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American Amnesia: We Forget Our Atrocities Almost As Soon as We Commit Them

Historical amnesia is a dangerous social phenomenon because it lays the groundwork for crimes that still lie ahead.

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Watergate was doubtless criminal, but the furor over it displaced incomparably worse crimes at home and abroad, including the FBI-organized assassination of black organizer Fred Hampton as part of the infamous COINTELPRO repression, or the bombing of Cambodia, to mention just two egregious examples. Torture is hideous enough; the invasion of Iraq was a far worse crime. Quite commonly, selective atrocities have this function.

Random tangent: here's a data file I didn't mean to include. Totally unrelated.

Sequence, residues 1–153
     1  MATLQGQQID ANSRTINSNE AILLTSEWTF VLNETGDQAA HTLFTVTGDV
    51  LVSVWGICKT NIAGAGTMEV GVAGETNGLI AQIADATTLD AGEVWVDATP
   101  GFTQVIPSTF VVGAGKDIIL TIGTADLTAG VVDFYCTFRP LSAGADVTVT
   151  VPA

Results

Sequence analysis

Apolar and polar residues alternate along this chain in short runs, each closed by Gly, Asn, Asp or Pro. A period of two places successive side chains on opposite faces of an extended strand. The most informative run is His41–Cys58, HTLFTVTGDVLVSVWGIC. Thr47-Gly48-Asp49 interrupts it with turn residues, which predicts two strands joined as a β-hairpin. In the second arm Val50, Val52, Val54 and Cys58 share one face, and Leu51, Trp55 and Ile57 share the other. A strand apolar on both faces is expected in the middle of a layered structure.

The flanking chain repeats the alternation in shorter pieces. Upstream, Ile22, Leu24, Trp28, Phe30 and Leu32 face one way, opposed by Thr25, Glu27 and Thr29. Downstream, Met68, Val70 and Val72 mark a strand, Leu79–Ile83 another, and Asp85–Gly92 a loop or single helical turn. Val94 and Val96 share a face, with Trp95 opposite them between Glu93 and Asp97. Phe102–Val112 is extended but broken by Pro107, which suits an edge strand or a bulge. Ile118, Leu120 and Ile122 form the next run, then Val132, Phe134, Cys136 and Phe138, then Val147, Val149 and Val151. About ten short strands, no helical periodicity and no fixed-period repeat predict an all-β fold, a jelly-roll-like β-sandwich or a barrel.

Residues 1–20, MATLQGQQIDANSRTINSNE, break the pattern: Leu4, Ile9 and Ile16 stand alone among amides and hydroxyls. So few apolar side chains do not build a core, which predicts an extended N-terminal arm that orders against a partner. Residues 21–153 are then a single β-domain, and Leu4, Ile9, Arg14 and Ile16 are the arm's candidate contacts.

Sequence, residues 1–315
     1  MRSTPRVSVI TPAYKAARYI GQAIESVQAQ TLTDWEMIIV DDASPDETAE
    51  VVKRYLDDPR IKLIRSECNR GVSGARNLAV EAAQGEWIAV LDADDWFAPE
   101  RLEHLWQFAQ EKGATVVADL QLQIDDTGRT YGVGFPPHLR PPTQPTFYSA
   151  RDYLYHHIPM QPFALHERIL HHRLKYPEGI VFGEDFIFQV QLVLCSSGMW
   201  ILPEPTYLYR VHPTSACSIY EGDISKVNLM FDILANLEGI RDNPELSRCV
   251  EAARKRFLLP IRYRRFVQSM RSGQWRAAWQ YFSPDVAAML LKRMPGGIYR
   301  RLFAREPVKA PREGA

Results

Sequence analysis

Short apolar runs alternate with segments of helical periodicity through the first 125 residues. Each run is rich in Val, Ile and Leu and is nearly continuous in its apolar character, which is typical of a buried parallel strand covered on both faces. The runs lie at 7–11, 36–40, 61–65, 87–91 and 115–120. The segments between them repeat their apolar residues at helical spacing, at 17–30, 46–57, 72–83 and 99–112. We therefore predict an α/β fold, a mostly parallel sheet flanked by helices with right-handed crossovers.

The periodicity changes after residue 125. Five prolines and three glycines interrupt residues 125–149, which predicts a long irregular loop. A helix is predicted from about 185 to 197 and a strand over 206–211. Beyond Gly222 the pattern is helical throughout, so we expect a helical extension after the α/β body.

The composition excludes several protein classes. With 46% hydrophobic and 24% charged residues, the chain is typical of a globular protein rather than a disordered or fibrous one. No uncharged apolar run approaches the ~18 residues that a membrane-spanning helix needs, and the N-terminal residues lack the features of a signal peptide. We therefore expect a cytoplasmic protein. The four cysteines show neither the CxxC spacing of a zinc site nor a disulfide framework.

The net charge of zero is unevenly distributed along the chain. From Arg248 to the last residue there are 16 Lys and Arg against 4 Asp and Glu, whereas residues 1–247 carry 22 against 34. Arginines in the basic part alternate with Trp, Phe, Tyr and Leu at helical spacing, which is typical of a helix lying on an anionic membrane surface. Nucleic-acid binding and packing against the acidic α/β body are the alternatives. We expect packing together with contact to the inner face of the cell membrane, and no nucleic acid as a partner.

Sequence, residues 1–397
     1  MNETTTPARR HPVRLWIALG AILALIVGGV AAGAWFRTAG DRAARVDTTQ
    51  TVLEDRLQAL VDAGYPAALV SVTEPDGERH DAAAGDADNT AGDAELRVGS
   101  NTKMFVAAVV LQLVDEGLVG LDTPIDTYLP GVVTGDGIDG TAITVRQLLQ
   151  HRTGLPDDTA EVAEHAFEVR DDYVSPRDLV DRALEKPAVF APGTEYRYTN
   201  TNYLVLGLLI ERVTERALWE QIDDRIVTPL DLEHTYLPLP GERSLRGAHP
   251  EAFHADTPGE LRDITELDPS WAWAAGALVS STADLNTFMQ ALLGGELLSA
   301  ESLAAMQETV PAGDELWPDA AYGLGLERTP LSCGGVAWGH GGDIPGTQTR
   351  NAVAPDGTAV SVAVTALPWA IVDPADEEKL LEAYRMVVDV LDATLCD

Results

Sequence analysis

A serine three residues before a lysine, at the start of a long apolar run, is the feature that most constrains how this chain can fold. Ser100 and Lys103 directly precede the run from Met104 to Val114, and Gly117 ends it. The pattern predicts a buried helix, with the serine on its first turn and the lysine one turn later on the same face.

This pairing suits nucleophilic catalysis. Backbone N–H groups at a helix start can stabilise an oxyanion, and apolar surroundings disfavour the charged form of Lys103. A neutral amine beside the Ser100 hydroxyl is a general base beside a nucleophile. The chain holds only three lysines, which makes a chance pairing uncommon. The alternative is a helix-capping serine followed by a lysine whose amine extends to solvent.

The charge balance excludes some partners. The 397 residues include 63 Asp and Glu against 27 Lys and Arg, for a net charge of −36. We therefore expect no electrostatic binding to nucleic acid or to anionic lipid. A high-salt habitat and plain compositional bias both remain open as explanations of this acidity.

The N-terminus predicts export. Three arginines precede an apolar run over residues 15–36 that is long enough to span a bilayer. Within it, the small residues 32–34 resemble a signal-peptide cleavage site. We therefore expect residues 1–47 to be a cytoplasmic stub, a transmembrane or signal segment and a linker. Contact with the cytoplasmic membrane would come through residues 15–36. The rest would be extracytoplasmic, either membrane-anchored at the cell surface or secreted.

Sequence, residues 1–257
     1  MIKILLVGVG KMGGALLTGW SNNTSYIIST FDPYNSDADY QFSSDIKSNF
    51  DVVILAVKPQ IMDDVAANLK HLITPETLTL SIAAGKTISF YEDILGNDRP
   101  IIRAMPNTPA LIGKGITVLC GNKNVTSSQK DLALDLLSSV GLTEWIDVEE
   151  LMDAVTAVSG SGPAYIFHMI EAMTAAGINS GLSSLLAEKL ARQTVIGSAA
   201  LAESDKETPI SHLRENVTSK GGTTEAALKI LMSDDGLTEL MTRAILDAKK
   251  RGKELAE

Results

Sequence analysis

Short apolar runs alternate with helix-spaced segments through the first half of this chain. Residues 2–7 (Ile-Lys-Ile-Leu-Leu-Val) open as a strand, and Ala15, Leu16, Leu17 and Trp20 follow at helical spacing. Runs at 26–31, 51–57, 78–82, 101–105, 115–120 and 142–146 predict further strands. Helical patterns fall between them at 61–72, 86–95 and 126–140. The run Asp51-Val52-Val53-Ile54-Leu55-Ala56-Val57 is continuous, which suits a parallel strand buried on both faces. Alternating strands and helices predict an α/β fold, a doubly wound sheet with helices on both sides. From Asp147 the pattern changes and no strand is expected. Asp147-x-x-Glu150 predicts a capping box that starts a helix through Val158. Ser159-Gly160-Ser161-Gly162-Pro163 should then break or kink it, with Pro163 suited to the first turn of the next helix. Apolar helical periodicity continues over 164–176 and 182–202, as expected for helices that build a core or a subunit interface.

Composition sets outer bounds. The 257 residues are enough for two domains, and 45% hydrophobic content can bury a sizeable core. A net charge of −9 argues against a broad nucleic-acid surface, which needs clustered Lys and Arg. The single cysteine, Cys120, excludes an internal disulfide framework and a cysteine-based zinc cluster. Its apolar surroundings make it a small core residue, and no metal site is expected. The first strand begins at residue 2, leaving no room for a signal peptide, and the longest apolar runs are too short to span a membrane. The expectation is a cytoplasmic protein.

Historical amnesia is a dangerous phenomenon, not only because it undermines moral and intellectual integrity, but also because it lays the groundwork for crimes that still lie ahead.

 

Noam Chomsky is Institute Professor (retired) at MIT. He is the author of many books and articles on international affairs and social-political issues, and a long-time participant in activist movements.

 
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